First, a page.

Earthfall, on the surface, may look like another crafting, survival game; and it is. There seems to be a recent desire for them to be launching almost every few weeks. However, this game seems to have a certain charm, it seems to make itself stand out, so I had a look at it.
The version of the game that I am writing about is the V0.0041a Early Access Candidate. All those numbers and words basically says to me that the game is going to be minuscule with a massive lack of features. Interestingly enough though, it’s loaded with content. This is mostly because Danny Goodayle – of “Just A Pixel” – back in February of 2016 decided to do a 30 day development jam. This involved adding as many features as he could, adding enough, but not so much that it impacted the quality of the gameplay.
In it’s state, there is only an online option to play the game, and there doesn’t seem to be anyone else playing the game for the past several times I’ve been playing it and searching for another server, so trying to join a game seems to currently be a pointless feat, so instead you’ll have to host a game. Simple process, just click host, fiddle, wait for the world to load.
This is where you become introduced to the world, and the graphics. After a brief character creation you appear in your world. Standing alone surrounded by vegetation, you begin your adventure and quest to survive.
The first interesting thing that I noticed is the camera. It starts as a top-down view, slightly diagonally facing your character, you can control this camera by zooming in or out, and also lower or higher. The world around you are blocks, but not blocks that you’d expect to see in Minecraft. No, These are very different type of blocks. Firstly, they’re big blocks in comparison to your character, secondly depending on your characters visibility – depending on the weather – only a certain amount of blocks will show up. Good visibility means a lot of blocks can be seen filling your screen. Bad visibility will result in only a few blocks surrounding your character. This is mostly at night or in a fog. The areas there aren’t any blocks is just empty space.
There appears to be a really nice weather dynamic within the game. It’s nicely random, but a nice sensible amount of intervals that doesn’t make the system seem too scripted and makes it feel like actual seasons are passing. Time can also be sped up by tapping X, tapping it again will return time to normality, however as you’d expect, the more time passes, the more your character suffers from the elements and hunger, etc.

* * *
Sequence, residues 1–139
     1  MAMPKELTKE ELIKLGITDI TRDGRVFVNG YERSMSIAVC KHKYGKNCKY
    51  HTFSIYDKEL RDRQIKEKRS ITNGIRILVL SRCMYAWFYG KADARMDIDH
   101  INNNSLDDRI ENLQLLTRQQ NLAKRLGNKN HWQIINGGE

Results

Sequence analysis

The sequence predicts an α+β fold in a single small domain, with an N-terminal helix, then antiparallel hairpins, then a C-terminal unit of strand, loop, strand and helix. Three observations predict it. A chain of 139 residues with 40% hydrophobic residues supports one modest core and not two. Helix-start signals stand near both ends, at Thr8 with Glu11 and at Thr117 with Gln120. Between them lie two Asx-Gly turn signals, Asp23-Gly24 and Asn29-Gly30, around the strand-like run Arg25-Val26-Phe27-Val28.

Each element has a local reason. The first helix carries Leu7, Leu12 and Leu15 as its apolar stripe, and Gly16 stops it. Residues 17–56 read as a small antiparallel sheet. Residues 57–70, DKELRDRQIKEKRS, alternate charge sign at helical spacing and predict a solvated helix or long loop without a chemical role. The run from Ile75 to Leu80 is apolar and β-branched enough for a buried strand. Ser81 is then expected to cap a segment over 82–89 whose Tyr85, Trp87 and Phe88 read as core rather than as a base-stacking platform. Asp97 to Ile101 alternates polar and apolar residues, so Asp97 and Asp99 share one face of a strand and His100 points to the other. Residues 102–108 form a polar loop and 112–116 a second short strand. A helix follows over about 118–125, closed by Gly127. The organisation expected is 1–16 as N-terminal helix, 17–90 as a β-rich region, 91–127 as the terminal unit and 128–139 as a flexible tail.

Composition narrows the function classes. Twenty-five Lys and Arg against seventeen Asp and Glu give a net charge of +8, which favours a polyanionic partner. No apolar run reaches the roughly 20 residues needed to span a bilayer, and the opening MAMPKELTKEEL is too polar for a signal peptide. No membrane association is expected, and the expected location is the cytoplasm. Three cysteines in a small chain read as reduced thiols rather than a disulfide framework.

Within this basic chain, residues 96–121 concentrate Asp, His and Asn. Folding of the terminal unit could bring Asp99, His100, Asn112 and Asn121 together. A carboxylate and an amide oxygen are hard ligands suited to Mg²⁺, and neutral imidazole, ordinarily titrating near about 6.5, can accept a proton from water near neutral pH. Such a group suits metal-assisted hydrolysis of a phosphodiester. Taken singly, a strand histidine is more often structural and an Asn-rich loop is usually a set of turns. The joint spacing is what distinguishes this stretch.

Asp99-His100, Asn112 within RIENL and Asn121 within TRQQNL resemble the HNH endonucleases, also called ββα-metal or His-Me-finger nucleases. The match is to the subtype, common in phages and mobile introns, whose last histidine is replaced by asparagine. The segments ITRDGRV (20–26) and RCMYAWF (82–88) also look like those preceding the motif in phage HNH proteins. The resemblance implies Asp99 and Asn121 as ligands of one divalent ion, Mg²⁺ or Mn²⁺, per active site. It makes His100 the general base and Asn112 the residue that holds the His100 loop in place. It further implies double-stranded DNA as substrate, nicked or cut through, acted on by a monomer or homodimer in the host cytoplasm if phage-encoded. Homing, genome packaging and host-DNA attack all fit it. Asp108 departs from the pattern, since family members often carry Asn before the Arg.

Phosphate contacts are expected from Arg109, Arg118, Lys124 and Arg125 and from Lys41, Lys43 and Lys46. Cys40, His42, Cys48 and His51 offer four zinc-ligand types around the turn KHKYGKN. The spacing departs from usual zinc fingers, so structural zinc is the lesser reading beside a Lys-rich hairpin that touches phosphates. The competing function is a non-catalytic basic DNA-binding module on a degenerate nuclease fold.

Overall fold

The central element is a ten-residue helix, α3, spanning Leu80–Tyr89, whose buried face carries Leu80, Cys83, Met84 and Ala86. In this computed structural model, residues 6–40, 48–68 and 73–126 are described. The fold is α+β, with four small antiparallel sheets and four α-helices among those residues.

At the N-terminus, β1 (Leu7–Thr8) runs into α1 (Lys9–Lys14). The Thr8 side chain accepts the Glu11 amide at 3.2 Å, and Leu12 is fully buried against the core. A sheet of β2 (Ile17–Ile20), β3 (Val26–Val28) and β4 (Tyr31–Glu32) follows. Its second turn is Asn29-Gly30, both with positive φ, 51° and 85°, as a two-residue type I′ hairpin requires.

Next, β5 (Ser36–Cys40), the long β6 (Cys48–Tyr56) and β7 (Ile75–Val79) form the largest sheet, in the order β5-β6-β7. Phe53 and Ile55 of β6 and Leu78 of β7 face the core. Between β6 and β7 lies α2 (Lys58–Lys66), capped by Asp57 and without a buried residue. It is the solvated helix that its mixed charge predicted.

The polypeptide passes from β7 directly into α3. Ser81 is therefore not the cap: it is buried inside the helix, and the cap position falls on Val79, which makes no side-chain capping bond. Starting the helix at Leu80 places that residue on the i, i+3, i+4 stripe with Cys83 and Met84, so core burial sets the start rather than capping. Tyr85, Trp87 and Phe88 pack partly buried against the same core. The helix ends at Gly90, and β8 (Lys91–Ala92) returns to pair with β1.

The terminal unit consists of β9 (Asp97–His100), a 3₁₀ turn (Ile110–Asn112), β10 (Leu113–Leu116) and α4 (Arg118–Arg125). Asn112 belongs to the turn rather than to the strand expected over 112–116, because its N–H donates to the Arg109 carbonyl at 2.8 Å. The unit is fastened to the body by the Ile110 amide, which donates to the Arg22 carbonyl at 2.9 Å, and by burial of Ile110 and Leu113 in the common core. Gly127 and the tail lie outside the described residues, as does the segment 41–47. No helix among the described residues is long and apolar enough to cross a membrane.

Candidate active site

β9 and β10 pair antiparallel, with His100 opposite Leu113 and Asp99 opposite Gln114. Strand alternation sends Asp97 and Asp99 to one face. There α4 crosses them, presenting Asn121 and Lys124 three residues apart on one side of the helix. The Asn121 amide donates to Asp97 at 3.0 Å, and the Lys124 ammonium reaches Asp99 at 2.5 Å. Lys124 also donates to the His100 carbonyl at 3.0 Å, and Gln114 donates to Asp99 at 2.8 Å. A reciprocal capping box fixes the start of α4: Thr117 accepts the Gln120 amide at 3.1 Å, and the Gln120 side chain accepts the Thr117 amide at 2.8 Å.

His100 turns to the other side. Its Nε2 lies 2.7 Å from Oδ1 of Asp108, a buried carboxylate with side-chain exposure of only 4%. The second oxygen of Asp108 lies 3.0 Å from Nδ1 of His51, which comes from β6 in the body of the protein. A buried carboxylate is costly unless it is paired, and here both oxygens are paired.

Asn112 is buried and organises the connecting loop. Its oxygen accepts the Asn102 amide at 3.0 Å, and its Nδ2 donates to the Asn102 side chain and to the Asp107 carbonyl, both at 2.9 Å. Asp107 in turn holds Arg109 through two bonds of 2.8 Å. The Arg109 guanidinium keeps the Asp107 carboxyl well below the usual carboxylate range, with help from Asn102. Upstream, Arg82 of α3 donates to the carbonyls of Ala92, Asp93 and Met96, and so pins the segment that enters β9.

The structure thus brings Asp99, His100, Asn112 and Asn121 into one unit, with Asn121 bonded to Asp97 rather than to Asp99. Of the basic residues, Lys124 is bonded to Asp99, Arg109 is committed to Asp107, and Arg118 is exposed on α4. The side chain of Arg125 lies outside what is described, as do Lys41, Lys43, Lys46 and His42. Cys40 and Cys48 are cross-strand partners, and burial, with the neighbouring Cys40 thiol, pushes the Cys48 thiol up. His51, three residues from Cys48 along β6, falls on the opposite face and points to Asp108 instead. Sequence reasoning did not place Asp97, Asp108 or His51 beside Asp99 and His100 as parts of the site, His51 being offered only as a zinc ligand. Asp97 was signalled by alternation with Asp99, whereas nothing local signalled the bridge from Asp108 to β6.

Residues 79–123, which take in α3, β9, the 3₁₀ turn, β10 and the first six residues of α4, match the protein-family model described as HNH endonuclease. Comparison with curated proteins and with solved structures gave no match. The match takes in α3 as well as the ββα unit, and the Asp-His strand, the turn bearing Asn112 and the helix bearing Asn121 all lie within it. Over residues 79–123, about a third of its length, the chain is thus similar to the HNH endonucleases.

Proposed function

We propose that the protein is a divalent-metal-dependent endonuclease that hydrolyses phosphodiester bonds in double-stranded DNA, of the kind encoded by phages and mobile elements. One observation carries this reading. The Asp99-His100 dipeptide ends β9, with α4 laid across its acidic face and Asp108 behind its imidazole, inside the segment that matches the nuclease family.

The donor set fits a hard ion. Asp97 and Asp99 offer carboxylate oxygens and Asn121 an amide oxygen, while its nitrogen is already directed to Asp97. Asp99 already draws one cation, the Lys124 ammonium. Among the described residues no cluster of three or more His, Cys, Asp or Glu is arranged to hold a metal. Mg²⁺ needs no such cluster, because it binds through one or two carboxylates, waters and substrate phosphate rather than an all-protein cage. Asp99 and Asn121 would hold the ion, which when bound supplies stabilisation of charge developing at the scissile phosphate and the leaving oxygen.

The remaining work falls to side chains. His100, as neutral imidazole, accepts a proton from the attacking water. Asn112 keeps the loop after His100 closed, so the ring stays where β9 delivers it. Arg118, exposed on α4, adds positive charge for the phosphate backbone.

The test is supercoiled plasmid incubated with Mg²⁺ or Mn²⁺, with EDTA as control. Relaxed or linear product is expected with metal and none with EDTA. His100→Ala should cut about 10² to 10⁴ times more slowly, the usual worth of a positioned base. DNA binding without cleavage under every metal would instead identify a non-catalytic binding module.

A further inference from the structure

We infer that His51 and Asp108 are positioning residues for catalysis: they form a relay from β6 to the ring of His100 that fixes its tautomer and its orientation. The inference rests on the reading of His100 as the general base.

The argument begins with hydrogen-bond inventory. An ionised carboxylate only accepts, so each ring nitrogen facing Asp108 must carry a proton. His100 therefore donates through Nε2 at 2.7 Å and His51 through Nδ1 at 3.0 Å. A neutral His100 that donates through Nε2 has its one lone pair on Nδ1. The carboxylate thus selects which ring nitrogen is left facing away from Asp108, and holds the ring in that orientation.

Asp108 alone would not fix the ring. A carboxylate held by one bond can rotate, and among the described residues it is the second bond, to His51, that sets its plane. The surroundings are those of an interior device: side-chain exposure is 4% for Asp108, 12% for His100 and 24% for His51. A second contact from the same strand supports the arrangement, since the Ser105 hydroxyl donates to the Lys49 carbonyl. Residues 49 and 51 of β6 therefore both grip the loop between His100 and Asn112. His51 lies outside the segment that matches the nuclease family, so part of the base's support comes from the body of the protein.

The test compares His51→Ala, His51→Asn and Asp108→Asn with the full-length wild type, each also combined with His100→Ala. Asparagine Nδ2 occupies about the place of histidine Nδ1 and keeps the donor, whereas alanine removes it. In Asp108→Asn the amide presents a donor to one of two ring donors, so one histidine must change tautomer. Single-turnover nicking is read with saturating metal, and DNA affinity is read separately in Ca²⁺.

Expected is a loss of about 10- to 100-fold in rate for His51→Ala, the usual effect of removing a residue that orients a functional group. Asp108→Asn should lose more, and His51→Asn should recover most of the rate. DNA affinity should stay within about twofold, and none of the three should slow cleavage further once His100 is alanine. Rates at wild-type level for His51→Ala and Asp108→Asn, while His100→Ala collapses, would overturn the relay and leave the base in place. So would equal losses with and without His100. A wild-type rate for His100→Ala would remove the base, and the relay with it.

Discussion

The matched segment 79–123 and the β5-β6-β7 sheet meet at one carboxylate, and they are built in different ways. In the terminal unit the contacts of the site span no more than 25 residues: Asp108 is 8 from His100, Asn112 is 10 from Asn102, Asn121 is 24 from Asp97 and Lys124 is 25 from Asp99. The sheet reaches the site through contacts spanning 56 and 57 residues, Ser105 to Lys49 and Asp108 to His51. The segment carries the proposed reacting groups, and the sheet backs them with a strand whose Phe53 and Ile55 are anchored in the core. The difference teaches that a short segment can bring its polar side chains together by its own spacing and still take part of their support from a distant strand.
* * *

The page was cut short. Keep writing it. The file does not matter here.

The UI is actually very minimal, yet desirable. Rather than have a huge interface pop up and distract you from the games world, you get little boxes that can be moved around the screen and placed wherever you wish. The font may be a touch small, but the boxes are a nice black, which stands out nicely from the games world with it’s dark on light contrast.
The graphics are fairly cute, rather cell shaded, and quite pastel coloured. The animations of the blocks appearing/disappearing, and the animations of the elements are all really smooth and gentle of the eyes. It’s a comfortable looking game.
Admittedly, the controls aren’t amazing at the moment, with a mouse and keyboard, it plays rather annoyingly. WASD essentially strafes in every direction because the mouse controls the way your character faces, this can become particular difficult when rushing away from an enemy. There is also no jumping, crouching, or prone options, so you’re just a body with flappy limbs wondering naked around a world until you gather clothes that suit your non-flexible body parts.
The gathering tends to be similar to most crafting games, in the fact that you basically just click and destroy an object, then you gather whatever falls from it. For Earthfall though, you automatically gather resources from natural objects, and you have to manually gather from fallen enemies, chests, etc. You bring up a menu of items that are both available to craft by pressing the R key, and you’ll know if you can’t craft them because you’ll see a red overlay over the object. Don’t worry though, there’s a lot of resources to gather from, the world is immensely populated with trees, rocks, and far more.
Sound wise, the games seems to only contain sound effects, such as a “pop” sound once gathering a resource has completed, other than that it seems like quite a nice quiet game. Even when you die, and it’s fairly easy to die from battle…let’s just put it that way.
Earthfall has undergone almost daily updates, so the version I’ve been playing is quite out of date. The newer version has now been re-named to “Story of a Nomad” – and the developer, Danny Goodayle, can be found every Thursday on Twitch developing the game live. If you grabbed the game at an earlier stage, then you won’t have to pay for any future updates, however, the more updates applied, the higher the price becomes. I’ll be looking forward to bringing a more up-to-date version on this version. But from the build I’ve played so far, it’s going to be a game full of heart, dedication, and fun times ahead.